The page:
In reality it’s important to do a mixture of both, which is why we not only offer Employee Assistance Programmes (EAPs) that can offer emotional and practical support to employees who are feeling overwhelmed, but also resilience training to help employees identify things they can do to stay healthy under pressure.
Increasing resilience to stress
In total, we’ve identified six ‘batteries’ that employees need to keep charged to increase their resilience to stress and ability to stay healthy under pressure:
- Social – regular opportunities for quality social interaction with others
- Emotional – doing things that give you a sense of joy or achievement
- Physical – nurturing your body by eating well and getting enough sleep
- Mental – stretching yourself and seeing ‘failure’ as an opportunity to learn
- Mindful – setting aside time and worries to mindfully enjoy the moment
- Meaning – living by the personal values that matter most to you
For example, when my son started secondary school I also decided to start a much more demanding job. Although it was a stressful time, with a lot of change happening, I felt more overwhelmed than I should have so looked at which resilience batteries were running low.
I realised my social energy, which had been topped up by chatting to other mothers when collecting my son from his primary school every day, had completely gone, leaving that battery almost empty.
Although the other batteries were running high, I made a concerted effort to reconnect with some of the women I used to chat to on a daily basis and set up a professional network to allow me to regularly interact with like-minded people on a regular basis again.
It took a little while to feel that social connection come back in again but, once it did, I felt my resilience come back to where it had been and felt much more emotionally prepared to meet the new demands being placed upon me.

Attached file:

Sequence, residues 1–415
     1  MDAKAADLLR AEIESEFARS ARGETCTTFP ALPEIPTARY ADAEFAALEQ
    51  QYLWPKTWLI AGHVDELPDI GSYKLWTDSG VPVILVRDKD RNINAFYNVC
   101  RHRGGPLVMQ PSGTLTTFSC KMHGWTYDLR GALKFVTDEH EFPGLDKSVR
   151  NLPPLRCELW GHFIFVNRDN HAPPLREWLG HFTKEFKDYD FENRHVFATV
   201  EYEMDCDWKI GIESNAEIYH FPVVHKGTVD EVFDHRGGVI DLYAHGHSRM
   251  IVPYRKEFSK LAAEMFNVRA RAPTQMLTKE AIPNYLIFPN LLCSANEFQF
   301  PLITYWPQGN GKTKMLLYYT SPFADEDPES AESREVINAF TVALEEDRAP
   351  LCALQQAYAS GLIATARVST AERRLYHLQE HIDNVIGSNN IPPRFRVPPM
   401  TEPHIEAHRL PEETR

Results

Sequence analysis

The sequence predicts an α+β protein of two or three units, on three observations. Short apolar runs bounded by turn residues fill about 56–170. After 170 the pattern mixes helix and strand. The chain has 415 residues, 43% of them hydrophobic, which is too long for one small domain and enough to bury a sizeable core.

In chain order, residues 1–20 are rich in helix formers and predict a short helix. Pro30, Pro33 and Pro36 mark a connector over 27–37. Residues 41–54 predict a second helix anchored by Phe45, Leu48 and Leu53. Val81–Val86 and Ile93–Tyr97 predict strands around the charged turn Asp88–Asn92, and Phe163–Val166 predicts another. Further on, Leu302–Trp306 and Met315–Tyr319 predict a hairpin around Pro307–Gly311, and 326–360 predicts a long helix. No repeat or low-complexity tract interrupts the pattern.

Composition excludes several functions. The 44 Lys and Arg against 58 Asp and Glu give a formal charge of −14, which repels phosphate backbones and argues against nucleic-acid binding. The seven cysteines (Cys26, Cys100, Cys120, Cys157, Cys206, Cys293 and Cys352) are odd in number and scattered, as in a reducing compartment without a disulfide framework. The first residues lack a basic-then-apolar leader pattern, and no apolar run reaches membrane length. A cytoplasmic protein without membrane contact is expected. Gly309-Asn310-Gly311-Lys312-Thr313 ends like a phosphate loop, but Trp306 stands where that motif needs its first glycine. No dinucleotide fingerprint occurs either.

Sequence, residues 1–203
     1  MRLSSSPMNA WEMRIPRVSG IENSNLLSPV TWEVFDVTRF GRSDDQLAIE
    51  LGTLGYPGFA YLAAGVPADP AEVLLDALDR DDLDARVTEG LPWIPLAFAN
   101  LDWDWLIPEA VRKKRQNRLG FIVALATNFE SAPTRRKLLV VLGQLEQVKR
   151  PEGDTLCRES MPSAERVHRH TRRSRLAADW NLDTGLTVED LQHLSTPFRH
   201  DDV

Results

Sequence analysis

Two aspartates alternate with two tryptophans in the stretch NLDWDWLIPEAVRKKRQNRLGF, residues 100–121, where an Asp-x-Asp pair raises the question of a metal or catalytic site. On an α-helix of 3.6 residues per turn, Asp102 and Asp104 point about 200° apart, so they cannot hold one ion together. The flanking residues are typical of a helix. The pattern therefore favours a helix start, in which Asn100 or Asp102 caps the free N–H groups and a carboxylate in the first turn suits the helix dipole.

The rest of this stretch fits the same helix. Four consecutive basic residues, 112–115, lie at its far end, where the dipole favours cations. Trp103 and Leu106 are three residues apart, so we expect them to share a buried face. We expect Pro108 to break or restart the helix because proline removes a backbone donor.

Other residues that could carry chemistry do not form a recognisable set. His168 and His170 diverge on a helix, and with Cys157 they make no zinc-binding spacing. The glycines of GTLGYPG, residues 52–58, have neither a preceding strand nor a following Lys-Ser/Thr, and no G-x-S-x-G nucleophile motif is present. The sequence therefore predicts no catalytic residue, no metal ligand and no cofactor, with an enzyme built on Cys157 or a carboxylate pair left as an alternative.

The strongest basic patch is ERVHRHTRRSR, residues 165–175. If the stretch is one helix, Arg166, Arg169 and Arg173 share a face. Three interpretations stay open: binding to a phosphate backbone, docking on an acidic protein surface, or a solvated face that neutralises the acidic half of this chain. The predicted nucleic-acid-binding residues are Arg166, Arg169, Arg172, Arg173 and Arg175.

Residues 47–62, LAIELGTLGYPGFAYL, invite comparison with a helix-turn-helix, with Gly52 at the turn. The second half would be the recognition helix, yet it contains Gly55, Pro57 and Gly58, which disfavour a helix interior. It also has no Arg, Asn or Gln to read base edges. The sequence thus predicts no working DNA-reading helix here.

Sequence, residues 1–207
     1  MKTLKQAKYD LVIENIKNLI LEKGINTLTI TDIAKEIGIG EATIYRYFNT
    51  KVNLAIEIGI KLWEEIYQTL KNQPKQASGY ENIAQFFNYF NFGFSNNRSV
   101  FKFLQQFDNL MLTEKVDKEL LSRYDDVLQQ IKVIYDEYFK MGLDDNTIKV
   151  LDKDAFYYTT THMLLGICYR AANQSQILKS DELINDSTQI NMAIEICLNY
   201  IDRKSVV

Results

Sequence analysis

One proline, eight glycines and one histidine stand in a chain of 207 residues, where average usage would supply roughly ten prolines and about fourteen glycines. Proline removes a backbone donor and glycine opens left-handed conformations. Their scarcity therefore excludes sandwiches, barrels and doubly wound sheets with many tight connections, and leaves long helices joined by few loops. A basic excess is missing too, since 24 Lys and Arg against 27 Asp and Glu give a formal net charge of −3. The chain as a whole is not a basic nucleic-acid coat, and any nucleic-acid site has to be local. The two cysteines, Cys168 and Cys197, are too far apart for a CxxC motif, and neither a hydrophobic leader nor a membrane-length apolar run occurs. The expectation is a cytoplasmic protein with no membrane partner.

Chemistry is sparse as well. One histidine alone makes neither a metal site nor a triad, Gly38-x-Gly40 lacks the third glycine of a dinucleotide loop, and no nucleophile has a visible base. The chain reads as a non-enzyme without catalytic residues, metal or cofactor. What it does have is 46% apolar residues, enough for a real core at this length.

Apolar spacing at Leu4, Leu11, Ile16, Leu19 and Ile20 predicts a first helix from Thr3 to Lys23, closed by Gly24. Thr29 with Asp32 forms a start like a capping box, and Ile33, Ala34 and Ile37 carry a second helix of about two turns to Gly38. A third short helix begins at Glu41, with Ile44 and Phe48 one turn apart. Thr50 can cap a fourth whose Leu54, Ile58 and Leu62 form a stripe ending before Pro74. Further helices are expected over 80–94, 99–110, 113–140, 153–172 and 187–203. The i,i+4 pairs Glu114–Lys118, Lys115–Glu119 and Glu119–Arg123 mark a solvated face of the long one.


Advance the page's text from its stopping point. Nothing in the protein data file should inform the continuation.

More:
The secret to keeping stress levels positive is to monitor and respond to any negative feelings before they become overwhelming.
This can be done by reducing the pressures faced or taking stock of your resilience batteries to make sure they’re fully charged enough to help you cope.
Case Study: Oracle boosts resilience
Find out how Oracle boosted employee wellbeing through resilience after educating employees how to cope better with the challenges facing them. The solution involved addressing the number of home workers experiencing ‘low mood’. Read the full story here
“There’s been a huge appetite for the resilience workshops. Employees say they feel empowered and excited to make profound changes to their life. They finally understand the link between their wellbeing and their performance.”
Michelle Bradshaw, Compensation and Benefits Director, Oracle UK
Want to make your workforce more resilient?
If you’d like to increase the ability of your people to stay positive under pressure, we offer resilience training as one-off workshops or a series of modules as part of your ongoing training and development programmes.
Please email firstname.lastname@example.org to set up a free consultation to discuss the opportunities for reducing stress related absence across your organisation.